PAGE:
Motor rehabilitation after stroke injury is highly important since the number of people suffering this disease is constantly increasing. Brain-Computer Interfaces (BCIs) have been recently used in the recovery of motor functions: in particular, the closed loop involving sensorimotor brain rhythms, assist-ive-robot training and proprioceptive feedback in an operant learning fashion might be potentially one of the most effective ways to promote the neural plasticity of the ipsilesional brain hemisphere and to restore motor abilities. This study aimed at implementing such a scheme: one chronic stroke patient was recruited and underwent the experiment using both the damaged and the healthy arm, considered as control during the following analysis. Kinematic and neurophysiological outcomes confirmed the efficacy of this treatment and supported the hypothesis that a contingent force feedback can improve motor functions of the upper limb.

Cisotto, G., Pupolin, S., Stefano, S., Marianna, C., Michela, A., Francesco, P. (2013). Brain-Computer Interface in Chronic Stroke: sensorimotor closed-loop and contingent force feedback make the difference. In 2013 IEEE International Conference on Communications, ICC 2013 (pp.4379-4383). 345 E 47TH ST, NEW YORK, NY 10017 USA : Institute of Electrical and Electronics Engineers Inc. [10.1109/ICC.2013.6655255].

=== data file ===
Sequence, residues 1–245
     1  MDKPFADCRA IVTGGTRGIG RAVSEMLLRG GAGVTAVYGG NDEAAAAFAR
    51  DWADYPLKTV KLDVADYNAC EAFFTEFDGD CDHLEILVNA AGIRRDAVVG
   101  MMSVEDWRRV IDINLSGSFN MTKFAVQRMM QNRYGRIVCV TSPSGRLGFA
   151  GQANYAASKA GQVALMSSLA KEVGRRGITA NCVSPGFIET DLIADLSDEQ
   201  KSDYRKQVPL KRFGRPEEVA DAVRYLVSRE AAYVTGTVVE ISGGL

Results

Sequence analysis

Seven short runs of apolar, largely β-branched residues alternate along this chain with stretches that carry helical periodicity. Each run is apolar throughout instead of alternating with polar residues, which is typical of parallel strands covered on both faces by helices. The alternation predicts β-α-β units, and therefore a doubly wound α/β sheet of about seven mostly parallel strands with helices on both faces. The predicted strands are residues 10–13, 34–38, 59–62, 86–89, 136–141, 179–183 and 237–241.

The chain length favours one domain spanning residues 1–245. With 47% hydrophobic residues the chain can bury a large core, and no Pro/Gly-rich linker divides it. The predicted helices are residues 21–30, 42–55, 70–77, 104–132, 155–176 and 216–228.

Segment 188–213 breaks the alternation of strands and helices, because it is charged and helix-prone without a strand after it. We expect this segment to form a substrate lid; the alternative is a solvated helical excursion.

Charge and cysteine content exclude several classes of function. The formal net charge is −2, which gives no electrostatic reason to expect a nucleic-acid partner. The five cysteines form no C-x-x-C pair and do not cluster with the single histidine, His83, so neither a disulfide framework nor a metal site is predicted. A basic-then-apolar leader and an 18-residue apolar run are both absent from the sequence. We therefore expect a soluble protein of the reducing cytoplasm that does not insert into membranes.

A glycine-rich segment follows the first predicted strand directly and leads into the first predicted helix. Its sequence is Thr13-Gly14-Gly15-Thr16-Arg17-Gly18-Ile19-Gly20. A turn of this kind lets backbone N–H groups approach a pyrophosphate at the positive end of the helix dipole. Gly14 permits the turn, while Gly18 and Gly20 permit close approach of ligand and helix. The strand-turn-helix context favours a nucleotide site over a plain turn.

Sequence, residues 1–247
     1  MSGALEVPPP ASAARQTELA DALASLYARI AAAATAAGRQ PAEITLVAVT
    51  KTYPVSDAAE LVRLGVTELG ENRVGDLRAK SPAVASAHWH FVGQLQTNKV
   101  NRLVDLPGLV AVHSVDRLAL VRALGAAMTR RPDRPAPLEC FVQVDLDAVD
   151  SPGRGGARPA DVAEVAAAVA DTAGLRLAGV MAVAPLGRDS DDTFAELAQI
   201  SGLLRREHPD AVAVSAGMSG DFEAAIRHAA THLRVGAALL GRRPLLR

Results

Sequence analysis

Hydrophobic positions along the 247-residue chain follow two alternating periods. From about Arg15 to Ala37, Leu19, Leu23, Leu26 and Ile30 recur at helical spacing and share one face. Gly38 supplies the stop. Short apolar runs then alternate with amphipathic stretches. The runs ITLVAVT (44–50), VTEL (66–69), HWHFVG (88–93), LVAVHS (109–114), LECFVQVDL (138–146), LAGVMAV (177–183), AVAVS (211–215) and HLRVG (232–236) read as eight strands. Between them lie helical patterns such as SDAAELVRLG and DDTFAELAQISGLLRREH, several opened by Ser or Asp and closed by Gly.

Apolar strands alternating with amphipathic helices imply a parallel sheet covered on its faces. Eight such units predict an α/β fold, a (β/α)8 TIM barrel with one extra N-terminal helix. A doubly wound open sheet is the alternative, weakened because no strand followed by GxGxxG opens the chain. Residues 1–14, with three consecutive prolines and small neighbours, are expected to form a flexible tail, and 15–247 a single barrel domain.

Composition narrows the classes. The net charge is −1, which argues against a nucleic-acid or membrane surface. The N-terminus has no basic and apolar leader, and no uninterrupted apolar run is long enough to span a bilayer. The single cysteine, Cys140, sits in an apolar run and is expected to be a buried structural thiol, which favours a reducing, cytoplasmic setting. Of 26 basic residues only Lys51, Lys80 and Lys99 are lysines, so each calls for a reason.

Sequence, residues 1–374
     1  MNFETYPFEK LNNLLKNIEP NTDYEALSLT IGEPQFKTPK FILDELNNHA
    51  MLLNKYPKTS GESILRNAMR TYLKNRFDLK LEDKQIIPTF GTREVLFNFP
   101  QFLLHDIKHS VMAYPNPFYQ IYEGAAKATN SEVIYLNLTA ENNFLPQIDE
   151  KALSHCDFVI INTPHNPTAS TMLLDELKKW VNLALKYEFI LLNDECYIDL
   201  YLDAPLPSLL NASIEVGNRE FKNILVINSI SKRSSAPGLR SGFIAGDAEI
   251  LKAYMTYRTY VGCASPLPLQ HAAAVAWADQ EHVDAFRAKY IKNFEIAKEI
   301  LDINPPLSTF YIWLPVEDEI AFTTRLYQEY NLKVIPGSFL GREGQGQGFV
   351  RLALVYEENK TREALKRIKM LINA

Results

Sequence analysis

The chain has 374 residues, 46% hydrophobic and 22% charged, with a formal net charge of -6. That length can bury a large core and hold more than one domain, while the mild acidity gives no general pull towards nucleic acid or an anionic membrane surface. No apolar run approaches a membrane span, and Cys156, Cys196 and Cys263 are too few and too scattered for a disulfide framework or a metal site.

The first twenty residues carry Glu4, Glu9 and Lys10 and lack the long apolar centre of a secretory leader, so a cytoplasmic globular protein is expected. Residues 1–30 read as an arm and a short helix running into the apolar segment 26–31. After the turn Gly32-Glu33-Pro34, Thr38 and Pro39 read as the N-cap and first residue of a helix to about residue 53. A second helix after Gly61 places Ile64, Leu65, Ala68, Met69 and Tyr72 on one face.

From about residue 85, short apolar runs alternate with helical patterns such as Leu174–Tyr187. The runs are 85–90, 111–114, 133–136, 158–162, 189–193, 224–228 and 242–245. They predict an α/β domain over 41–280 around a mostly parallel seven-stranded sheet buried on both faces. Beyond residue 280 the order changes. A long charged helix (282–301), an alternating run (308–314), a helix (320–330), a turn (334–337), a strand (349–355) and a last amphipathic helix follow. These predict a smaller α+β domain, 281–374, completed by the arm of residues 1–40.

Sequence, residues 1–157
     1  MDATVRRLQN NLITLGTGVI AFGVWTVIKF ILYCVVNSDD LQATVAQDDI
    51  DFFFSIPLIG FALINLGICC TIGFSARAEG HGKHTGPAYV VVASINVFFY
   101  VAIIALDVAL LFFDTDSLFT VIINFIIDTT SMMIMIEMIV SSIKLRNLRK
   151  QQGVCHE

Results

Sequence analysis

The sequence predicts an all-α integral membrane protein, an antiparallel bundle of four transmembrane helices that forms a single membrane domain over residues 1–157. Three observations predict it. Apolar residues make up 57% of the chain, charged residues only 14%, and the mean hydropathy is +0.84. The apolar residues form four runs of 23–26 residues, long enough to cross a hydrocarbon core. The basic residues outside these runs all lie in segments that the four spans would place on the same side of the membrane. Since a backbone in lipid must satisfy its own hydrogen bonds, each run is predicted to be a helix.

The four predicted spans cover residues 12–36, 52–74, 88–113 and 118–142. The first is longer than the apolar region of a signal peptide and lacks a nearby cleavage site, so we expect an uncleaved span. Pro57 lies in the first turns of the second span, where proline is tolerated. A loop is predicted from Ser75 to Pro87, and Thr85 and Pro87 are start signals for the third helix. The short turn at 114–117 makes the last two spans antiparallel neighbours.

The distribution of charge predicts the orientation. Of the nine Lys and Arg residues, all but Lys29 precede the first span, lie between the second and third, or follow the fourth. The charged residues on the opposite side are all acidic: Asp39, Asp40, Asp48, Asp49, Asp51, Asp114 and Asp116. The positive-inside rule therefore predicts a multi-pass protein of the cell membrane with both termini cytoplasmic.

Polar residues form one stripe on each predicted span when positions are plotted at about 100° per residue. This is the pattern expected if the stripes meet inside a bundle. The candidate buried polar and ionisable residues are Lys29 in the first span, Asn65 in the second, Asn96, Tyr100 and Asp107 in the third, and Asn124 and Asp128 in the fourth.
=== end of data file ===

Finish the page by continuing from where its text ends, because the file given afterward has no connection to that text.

Brain-Computer Interface in Chronic Stroke: sensorimotor closed-loop and contingent force feedback make the difference

CISOTTO, GIULIA
Primo
;
2013

Abstract

Motor rehabilitation after stroke injury is highly important since the number of people suffering this disease is constantly increasing. Brain-Computer Interfaces (BCIs) have been recently used in the recovery of motor functions: in particular, the closed loop involving sensorimotor brain rhythms, assist-ive-robot training and proprioceptive feedback in an operant learning fashion might be potentially one of the most effective ways to promote the neural plasticity of the ipsilesional brain hemisphere and to restore motor abilities. This study aimed at implementing such a scheme: one chronic stroke patient was recruited and underwent the experiment using both the damaged and the healthy arm, considered as control during the following analysis. Kinematic and neurophysiological outcomes confirmed the efficacy of this treatment and supported the hypothesis that a contingent force feedback can improve motor functions of the upper limb.
No
paper
brain-computer interface; motor rehabilitation; neuroplasticity; proprioceptive contingent force feedback; sensorimotor closed-loop; sensorimotor rhythms; stroke; upper limb;
English
2013 IEEE International Conference on Communications, ICC 2013 - JUN 09-13, 2013
978-146733122-7
Cisotto, G., Pupolin, S., Stefano, S., Marianna, C., Michela, A., Francesco, P. (2013). Brain-Computer Interface in Chronic Stroke: sensorimotor closed-loop and contingent force feedback make the difference. In 2013 IEEE International Conference on Communications, ICC 2013 (pp.4379-4383). 345 E 47TH ST, NEW YORK, NY 10017 USA : Institute of Electrical and Electronics Engineers Inc. [10.1109/ICC.2013.6655255].
Cisotto, G; Pupolin, S; Stefano, S; Marianna, C; Michela, A; Francesco, P
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Utilizza questo identificativo per citare o creare un link a questo documento: https://hdl.handle.net/10281/367518
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